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Reflections on wisdom at the end of life: qualitative study of hospice patients aged 58–97 years

Published online by Cambridge University Press:  24 January 2018

Lori P. Montross-Thomas
Affiliation:
Department of Family Medicine & Public Health, University of California San Diego, San Diego, California, USA Department of Psychiatry, University of California San Diego, San Diego, California, USA Sam and Rose Stein Institute for Research on Aging, University of California San Diego, San Diego, California, USA
Jamie Joseph
Affiliation:
Department of Psychiatry, University of California San Diego, San Diego, California, USA
Emily C. Edmonds
Affiliation:
Department of Psychiatry, University of California San Diego, San Diego, California, USA
Lawrence A. Palinkas
Affiliation:
Department of Children, Youth, and Families, University of Southern California School of Social Work, Los Angeles, CA, USA
Dilip V. Jeste*
Affiliation:
Department of Psychiatry, University of California San Diego, San Diego, California, USA Sam and Rose Stein Institute for Research on Aging, University of California San Diego, San Diego, California, USA Department of Neurosciences, University of California San Diego, San Diego, California, USA
*
Correspondence should be addressed to: Dilip V. Jeste, M.D., University of California San Diego, 9500 Gilman Drive, Mail Code #0664, La Jolla, California 92093-0664, USA. Phone: +1-858-534-4020. Email: djeste@ucsd.edu.

Abstract

Objective:

Wisdom is a complex trait, and previous research has identified several components of wisdom. This study explored the possible impact of a diagnosis of a terminal illness on the conceptualization and evolution of wisdom while facing the end of life.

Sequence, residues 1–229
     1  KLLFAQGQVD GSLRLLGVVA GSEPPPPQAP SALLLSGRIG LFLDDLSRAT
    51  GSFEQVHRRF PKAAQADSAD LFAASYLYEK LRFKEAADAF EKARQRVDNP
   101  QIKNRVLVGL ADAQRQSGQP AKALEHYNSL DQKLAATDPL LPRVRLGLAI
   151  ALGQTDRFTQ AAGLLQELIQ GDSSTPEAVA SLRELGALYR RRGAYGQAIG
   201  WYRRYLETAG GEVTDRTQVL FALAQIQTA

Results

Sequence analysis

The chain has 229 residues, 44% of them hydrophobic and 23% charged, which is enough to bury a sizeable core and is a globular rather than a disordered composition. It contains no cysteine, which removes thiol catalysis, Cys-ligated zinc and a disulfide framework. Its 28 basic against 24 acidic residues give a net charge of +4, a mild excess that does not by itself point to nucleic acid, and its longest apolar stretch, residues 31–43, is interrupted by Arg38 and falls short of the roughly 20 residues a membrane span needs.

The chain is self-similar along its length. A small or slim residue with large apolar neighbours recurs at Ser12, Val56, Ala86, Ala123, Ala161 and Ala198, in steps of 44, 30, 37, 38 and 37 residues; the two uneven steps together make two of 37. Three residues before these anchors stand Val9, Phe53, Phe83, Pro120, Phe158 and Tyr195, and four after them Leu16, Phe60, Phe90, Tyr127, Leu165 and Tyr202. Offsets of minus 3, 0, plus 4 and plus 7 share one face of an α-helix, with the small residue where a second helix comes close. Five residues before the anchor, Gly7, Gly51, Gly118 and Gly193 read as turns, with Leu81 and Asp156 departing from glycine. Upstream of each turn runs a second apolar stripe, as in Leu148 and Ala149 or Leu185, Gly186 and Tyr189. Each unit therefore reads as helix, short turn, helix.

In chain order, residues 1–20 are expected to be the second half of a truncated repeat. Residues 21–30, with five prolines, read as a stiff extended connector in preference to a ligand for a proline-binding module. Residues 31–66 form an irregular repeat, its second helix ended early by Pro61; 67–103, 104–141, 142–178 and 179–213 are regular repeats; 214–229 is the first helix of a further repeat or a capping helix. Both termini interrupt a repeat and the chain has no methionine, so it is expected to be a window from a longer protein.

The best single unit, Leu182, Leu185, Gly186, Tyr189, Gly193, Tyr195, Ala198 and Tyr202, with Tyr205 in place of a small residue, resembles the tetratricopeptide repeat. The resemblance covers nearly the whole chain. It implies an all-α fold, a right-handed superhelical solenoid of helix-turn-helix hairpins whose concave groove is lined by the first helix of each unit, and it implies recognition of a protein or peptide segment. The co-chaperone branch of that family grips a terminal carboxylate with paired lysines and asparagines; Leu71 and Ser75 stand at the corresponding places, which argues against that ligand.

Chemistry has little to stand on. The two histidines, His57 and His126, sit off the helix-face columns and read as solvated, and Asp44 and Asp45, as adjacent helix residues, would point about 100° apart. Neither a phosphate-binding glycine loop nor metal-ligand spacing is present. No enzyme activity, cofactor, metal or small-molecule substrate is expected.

Design and Participants:

Semi-structured qualitative interviews were conducted with 21 hospice patients aged 58–97 years who were in the last six months of their life.

Methods:

Hospice patients were asked to describe the core characteristics of wisdom, as well as how their terminal illness might have impacted their understanding of this concept. The interviews were audiotaped, transcribed, and coded by the research team using a grounded theory analytic approach based on coding consensus, co-occurrence, and comparison.

Results:

Broad concepts of wisdom described by the hospice patients align with the extant literature, thereby supporting those general conceptualizations. In addition, hospice patients described how their life perspectives shifted after being diagnosed with a terminal illness. Post-illness wisdom can be characterized as a dynamic balance of actively accepting the situation while simultaneously striving for galvanized growth. This delicate tension motivated the patients to live each day fully, yet consciously plan for their final legacy.

Conclusion:

The end of life offers a unique perspective on wisdom by highlighting the modulation between actively accepting the current situation while continuing the desire to grow and change at this critical time. This paradox, when embraced, may lead to even greater wisdom while facing one's own mortality.

Type
Original Research Article
Copyright
Copyright © International Psychogeriatric Association 2018 

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